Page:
Many jobs do not offer paid time off and require advance notice of time off needed. Many women who need abortions do so because of the lack of resources to raise a child. Not only is an abortion an expensive procedure, the financial cost of taking off from work and traveling can be a severe financial burden.
According to Guttermacher, the following restrictions on abortion were in effect in Tennessee as of May 1, 2018:
• “A woman must receive state-directed counseling and then wait 48 hours before the procedure is provided. Counseling must be provided in person and must take place before the waiting period begins, thereby necessitating two trips to the facility.”
• Health plans offered in the state’s health exchange under the Affordable Care Act may not provide coverage of abortion.
• The use of telemedicine to administer medication abortion is prohibited.
• The parent of a minor must consent before an abortion is provided.
• Public funding is provided for abortion operations only in situations involving “life endangerment, rape or incest.”
A state bill passed in May 2017 requires that a pregnant woman undergo a test for fetal viability and gestational age before an abortion may be allowed. A doctor that violates the law faces up to 15 years imprisonment. Tennessee state law does not properly define what terms such as “fetal viability” mean, leaving the results of such tests subject to political bias.
As Tennessee shuts its facilities serving primarily the poor and working class, Nashville/Davidson County is awash in corporations making money in providing healthcare services.
According to Becker's Hospital Review 2016, six of the top ten for-profit healthcare corporations in the nation are either in Metropolitan Nashville/Davidson County or in Williamson County, the richest county in the state and adjacent to Metro Nashville.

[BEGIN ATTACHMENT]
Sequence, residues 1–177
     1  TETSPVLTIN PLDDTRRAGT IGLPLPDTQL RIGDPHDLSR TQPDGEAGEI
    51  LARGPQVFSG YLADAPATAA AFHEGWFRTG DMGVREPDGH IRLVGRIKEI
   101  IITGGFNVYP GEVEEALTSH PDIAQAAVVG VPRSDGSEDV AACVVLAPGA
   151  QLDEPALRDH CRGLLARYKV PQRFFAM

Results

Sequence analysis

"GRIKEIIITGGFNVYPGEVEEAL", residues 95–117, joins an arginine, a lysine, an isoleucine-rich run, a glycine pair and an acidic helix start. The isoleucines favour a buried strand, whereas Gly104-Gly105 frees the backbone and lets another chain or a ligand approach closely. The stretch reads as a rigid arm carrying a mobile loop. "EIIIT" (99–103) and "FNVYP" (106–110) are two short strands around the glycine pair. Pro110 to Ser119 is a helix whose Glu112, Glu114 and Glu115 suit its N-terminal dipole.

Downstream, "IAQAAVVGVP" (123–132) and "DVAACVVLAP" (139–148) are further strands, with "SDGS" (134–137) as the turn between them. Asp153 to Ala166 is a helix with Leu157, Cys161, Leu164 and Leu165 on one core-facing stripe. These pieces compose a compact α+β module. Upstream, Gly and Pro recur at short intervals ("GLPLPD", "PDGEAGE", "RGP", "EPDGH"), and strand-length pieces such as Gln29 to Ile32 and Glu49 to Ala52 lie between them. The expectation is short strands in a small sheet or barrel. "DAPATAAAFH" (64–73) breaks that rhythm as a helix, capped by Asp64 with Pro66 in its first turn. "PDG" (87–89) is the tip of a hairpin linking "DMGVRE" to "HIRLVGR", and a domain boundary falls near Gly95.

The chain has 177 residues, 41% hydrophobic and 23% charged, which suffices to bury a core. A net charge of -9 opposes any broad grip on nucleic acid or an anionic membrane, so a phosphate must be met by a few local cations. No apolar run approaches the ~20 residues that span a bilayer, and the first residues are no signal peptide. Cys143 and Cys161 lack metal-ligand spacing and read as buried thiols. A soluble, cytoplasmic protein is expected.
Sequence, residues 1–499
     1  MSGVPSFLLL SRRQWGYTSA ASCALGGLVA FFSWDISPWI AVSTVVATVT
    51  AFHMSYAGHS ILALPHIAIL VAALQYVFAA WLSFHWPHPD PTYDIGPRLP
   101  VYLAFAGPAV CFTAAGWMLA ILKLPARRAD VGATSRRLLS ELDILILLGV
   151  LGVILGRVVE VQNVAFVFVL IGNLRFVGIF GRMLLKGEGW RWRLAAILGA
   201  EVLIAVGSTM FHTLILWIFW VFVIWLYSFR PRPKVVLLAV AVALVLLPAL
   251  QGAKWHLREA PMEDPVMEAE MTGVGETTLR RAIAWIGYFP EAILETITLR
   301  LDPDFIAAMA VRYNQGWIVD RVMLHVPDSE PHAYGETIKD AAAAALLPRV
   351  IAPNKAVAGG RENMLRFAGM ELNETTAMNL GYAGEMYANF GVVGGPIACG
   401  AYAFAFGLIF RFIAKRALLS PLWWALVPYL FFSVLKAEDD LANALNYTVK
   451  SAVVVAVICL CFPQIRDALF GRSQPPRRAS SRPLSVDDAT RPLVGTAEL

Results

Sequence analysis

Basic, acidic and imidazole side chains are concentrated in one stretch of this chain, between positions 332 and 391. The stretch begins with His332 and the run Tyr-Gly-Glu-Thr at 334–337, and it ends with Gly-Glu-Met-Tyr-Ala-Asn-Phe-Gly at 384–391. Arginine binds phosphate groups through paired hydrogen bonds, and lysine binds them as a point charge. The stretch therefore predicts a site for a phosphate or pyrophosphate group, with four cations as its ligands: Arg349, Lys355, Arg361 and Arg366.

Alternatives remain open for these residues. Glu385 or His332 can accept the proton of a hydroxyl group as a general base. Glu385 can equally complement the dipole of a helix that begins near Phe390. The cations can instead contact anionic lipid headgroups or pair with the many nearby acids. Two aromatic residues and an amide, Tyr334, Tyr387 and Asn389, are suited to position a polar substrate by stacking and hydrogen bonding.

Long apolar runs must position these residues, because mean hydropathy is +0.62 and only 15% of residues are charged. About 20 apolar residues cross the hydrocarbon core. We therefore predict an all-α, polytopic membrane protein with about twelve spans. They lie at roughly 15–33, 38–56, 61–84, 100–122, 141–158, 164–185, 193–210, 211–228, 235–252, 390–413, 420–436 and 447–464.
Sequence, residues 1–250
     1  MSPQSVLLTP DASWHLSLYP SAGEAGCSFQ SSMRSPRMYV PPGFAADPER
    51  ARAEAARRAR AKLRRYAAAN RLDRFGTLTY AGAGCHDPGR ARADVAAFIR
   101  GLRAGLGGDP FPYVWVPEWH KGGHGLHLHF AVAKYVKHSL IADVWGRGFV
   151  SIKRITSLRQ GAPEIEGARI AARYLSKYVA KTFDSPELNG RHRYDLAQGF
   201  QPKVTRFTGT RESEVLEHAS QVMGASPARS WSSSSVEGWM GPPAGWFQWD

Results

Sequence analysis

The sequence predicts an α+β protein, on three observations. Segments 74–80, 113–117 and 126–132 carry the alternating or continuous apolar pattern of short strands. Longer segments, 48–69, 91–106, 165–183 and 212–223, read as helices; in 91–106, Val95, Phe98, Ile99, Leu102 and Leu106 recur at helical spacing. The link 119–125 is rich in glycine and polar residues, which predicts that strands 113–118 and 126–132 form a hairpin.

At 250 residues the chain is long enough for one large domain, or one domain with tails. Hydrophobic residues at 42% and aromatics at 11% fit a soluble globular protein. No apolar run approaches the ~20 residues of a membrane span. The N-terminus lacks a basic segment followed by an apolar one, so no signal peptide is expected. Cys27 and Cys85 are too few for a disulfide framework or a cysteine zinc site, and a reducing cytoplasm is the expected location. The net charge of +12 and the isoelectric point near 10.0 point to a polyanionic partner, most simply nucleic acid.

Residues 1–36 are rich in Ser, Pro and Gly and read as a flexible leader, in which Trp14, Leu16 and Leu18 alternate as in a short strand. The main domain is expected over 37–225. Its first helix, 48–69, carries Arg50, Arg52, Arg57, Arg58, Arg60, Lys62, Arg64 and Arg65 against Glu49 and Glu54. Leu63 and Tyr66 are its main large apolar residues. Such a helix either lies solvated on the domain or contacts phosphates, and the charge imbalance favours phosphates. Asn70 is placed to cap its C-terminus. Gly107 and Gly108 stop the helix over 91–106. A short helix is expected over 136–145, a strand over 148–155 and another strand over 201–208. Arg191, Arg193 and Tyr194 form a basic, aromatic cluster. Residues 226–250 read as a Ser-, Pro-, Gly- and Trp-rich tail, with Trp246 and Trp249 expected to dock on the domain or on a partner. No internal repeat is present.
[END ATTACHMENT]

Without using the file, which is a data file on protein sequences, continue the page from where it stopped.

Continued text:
“The Nashville area is a health-care hub, with more than 400 health-care organizations and 250,000 jobs connected to health care throughout the region,” boasted the website liviability.com. “From pioneering research to medical device innovation, life sciences discovery taking place in Tennessee is having an impact around the world ... More than 1,700 life sciences businesses and organizations operate in the state, among them such household names as Johnson & Johnson, Merck, GlaxoSmithKline, Smith & Nephew, Medtronic and DeRoyal.”
Nashville has slavishly given hundreds of millions of dollars in tax breaks to corporations while Meharry/General Hospital, the “charity” hospital for the destitute and poor, struggles to stay open. The city’s previous mayor sought unsuccessfully to have the hospital turned into an out-patient clinic.
While this was happening, the city agreed to give Opryland Resorts an almost $14 million tax break to build a $90 million water theme park only open to hotel guests of the Resorts hotel. As the WSWS reported in June, the tax gifts to healthcare corporations, including for items such as luxury office furniture, are just as obscene.
Despite billions of dollars in healthcare investment and dozens of hospitals in Nashville and surrounding counties, poor and working class women are limited to a single, small clinic for elective abortions.